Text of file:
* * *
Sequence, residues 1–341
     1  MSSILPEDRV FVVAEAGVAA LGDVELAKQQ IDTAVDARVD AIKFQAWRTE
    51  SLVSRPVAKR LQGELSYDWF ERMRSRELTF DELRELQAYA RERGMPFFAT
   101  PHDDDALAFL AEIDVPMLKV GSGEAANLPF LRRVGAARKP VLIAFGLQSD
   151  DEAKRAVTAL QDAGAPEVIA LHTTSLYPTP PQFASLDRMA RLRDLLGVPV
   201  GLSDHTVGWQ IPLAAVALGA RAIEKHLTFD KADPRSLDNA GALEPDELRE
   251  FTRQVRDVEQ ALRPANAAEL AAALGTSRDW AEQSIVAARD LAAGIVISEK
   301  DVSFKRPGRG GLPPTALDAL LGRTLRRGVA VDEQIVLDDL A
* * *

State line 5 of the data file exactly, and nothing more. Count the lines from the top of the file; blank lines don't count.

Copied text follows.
   151  DEAKRAVTAL QDAGAPEVIA LHTTSLYPTP PQFASLDRMA RLRDLLGVPV